’Like the idea of crowdsourcing.
I think the key to a future-orientated bus stop is its integration with its surrounding. Depending on the size, type and function of the bus stop – urban, suburban, transfer bus-train, transfer park&ride – requires different approaches.
Designing a technology-overloaded, generic structure that will be placed everywhere cannot be the answer.
Maybe a bus stop should become more of a small public space, or part of one, where waiting for the bus is only one function of many.
Maybe it would have been better to supply three or four typical locations for the design ideas.
This is for one location - the university of utah business loop and you can learn more about the location on the about this site page - go to specific site to look at the surroundings AND read the design considerations. This is for a University stop that is heavily used by students/faculty/University employees and visitors. Thus, the references to the U in many bus stops -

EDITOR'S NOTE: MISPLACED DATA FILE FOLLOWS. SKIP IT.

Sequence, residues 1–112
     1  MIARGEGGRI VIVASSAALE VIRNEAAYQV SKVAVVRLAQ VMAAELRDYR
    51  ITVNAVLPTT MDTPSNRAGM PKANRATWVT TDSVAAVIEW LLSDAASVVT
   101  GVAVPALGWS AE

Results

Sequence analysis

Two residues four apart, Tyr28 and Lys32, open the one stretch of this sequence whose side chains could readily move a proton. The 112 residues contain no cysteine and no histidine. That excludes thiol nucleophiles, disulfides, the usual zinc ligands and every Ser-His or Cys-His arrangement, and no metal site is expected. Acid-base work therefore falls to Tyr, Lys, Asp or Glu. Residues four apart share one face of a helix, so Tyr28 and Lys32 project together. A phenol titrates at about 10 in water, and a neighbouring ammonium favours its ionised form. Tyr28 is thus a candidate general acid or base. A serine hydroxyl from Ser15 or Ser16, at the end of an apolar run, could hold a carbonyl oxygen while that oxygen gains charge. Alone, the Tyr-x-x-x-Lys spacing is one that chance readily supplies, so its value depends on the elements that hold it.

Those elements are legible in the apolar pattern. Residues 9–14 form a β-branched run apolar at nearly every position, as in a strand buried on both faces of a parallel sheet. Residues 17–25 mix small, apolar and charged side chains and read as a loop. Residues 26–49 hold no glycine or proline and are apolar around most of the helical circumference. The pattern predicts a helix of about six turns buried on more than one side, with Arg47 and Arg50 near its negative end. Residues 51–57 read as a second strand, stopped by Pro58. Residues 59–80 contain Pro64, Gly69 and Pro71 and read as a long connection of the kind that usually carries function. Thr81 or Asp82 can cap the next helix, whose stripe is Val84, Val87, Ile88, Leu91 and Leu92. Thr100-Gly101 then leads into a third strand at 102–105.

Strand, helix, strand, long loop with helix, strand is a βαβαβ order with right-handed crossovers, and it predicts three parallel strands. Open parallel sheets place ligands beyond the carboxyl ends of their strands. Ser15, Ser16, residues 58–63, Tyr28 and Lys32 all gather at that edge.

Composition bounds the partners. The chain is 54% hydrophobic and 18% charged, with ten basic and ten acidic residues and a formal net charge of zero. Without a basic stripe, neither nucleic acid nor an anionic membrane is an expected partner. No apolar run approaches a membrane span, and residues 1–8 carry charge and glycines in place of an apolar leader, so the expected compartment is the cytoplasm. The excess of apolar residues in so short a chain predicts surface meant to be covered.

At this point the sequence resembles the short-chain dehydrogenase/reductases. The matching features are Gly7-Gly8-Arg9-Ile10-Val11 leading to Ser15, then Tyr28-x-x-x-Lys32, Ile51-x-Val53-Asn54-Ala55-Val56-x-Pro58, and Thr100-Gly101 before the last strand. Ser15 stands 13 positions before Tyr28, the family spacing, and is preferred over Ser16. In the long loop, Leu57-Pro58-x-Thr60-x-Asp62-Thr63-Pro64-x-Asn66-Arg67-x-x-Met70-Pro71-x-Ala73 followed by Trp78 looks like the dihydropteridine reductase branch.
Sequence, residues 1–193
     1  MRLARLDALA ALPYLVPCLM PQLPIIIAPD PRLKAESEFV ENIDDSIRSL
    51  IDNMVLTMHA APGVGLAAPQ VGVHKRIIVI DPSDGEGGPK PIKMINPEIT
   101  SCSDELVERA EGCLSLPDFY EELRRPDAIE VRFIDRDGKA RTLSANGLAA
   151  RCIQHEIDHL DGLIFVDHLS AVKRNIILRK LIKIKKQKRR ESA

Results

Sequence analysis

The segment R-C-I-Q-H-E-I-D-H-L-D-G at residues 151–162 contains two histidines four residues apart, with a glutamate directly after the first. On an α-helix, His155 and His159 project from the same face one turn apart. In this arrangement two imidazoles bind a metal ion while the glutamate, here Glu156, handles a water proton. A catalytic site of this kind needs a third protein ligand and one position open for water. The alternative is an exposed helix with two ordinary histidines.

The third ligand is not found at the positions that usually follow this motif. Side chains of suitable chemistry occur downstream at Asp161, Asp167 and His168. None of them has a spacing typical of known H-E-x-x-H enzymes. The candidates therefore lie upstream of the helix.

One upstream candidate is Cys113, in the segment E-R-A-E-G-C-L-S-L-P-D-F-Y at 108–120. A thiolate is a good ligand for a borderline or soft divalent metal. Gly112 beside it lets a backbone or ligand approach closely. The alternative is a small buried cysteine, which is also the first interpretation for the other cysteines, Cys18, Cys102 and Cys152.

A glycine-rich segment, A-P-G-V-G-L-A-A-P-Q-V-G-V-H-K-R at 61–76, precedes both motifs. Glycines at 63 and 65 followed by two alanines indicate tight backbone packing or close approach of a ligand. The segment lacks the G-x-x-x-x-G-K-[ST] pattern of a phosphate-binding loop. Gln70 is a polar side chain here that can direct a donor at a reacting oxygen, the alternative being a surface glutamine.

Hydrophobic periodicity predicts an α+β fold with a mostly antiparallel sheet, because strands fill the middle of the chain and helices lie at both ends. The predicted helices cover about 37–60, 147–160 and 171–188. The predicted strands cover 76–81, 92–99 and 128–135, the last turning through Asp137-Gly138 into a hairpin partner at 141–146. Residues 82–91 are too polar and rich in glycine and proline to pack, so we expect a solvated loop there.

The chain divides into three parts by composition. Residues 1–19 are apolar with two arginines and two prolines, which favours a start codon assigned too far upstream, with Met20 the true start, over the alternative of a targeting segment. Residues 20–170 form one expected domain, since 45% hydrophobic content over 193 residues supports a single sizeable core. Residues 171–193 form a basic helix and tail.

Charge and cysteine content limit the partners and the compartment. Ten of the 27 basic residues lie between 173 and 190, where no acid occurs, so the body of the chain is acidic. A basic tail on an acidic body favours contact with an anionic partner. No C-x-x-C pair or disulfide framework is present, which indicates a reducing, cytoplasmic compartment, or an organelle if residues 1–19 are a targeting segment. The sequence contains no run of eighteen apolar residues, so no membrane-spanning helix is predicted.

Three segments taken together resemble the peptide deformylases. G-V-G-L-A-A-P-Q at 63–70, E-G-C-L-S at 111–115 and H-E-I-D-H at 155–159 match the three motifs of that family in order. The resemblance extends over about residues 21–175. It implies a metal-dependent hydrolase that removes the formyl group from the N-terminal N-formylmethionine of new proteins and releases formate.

Posted Jul 02, 2009 10:07 PM by annachrism
thanks for the clarification.
what would be your understanding of "heavily used"?
Posted Jul 03, 2009 4:07 AM by flipflapflower
The University of Utah has about 30,000 students, all of which are provided with a bus and Trax pass for the year. I can contact UTA and the University to get more specific numbers, but for now it looks like it serves two University shuttle lines that run evert 15 minutes, and about 9 different bus lines. I will learn more and get back to you. The busiest times of day are in the morning - 8 am to about 2 pm in the afternoon. This is a commuter campus and tends to go more silent in the evening, though the lines are used throughout the day and evening. Hope that helps.
Posted Jul 04, 2009 3:07 PM by annachrism
cheers for the information!
Posted Jul 27, 2009 3:07 AM by flipflapflower